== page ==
There are perhaps only a handful of people who can flow effortlessly from the funniest propositions to the ugliest injustices. At her performance, Nikki Giovanni said she wanted to bring King up to date. If he were alive today, Giovanni thought Rev. Martin Luther King would have braids. She thought he would probably have a tattoo. “Everyone has a tattoo these days,” she said. “I do. Mine says thug life.” Nikki Giovanni rolled up her sleeve and showed us her tattoo. A teenage boy in the orchestra almost fell out of his seat. Giovanni said her tattoo was in memory of Tupac Shakur. Giovanni told us she’d like to hear someone rap Dr. King’s “I Have a Dream” speech.

Giovanni writes, “The trip to Mars can only be understood through Black Americans.” In her “Mars” poem, Giovanni suggests that those journeying by rocket for a year to the red planet ought to prepare themselves with the stories of slave ships. These stories could teach the astronauts how to endure. Even those of us not set on the fourth planet from the sun would do well to learn from the history of Black Americans.

I have enjoyed Nikki Giovanni’s poetry for many years. I can’t remember when I first came across her. I imagine it was my grandmother who introduced me to her. My grandmother passed away last year, so we can’t ask her. But it would make sense. Giovanni is my grandmother’s kind of poet. My grandmother was a New Yorker, a tough Jewish woman who spoke a few languages and spent her life fighting for civil rights and telling Yiddish jokes. I’m fairly certain Giovanni struck a chord with my grandmother; regardless, she did with me. My degree is in sociology, not English. When people ask me what I want to do with my life I tell them I want to write. Most people don’t get it. I think Nikki Giovanni gets it. She gets why I thought an education in social inequalities would make me a better poet than an education in 17th century literature.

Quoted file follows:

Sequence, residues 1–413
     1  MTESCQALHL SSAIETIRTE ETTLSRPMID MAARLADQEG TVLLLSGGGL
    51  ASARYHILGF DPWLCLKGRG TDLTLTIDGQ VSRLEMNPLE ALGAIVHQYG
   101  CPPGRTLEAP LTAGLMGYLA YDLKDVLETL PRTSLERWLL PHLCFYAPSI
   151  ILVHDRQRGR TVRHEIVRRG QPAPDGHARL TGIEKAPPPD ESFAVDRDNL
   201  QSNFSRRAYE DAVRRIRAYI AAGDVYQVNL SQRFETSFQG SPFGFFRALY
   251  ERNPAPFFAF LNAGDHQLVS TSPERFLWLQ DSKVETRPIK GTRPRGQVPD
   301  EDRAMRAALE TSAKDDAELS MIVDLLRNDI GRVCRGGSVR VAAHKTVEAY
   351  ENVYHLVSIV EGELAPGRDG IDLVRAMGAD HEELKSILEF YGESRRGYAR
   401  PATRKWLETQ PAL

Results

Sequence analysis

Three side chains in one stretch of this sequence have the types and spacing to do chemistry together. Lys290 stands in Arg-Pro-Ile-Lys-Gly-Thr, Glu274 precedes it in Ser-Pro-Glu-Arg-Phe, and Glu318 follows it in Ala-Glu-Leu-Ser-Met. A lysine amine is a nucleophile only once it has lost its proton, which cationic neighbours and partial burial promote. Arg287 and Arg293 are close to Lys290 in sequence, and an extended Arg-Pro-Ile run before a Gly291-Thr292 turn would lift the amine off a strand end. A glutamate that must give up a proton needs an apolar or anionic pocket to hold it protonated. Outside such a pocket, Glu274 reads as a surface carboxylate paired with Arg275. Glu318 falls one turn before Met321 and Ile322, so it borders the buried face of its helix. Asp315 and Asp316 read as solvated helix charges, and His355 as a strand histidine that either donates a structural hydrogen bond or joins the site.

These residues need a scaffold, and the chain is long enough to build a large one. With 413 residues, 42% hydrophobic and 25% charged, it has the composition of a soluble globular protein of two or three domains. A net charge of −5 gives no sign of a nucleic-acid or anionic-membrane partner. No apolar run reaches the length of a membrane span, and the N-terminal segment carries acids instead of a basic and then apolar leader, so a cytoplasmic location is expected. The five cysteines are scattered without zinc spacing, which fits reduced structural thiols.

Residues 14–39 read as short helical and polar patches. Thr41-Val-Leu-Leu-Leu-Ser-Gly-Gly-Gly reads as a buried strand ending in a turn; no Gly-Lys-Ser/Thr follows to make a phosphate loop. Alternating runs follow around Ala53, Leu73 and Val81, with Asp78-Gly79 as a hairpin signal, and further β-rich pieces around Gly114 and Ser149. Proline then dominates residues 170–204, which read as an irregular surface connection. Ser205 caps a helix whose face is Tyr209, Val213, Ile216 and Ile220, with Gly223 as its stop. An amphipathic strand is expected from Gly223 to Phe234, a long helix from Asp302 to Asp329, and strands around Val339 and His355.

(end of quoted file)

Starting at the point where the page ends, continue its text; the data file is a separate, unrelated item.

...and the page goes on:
I owe Giovanni another small debt for high-jacking her love poems into Valentines and other cards for Chris, my fiancé. “How do you write a poem / about someone so close / that when you say ahhhhh / they say chuuuuu / and does the paper make it / any more real / that without them. / Life would be not / impossible but certainly / more difficult.” There aren’t any topics Giovanni is afraid to handle, from social justice to sex, from having a baby to protesting racism. When a writer is finally willing to discuss life honestly he or she is able to write his or her best lines. Giovanni is honest.

Both Giovanni and her sister have battled with cancer. At her performance last week, Giovanni told us her sister was still undergoing chemo treatments. She said her sister was self-conscious about losing her hair. She thought she looked ugly. “You don’t look ugly,” Giovanni said, “you look like me.” Soon after, Nikki Giovanni shaved her own head to make her sister feel better. “I have a nice head,” Giovanni told the audience. “You never know what kind of head you have until you shave it. I was kind of nervous about that, but as it turns out I have a pretty good head.” Her fans agree.

And as you climb down the ladder from your spaceship to the Martian surface, look to
your left and there you will see a smiling community quilting a black-eyed pea, watching
you descend.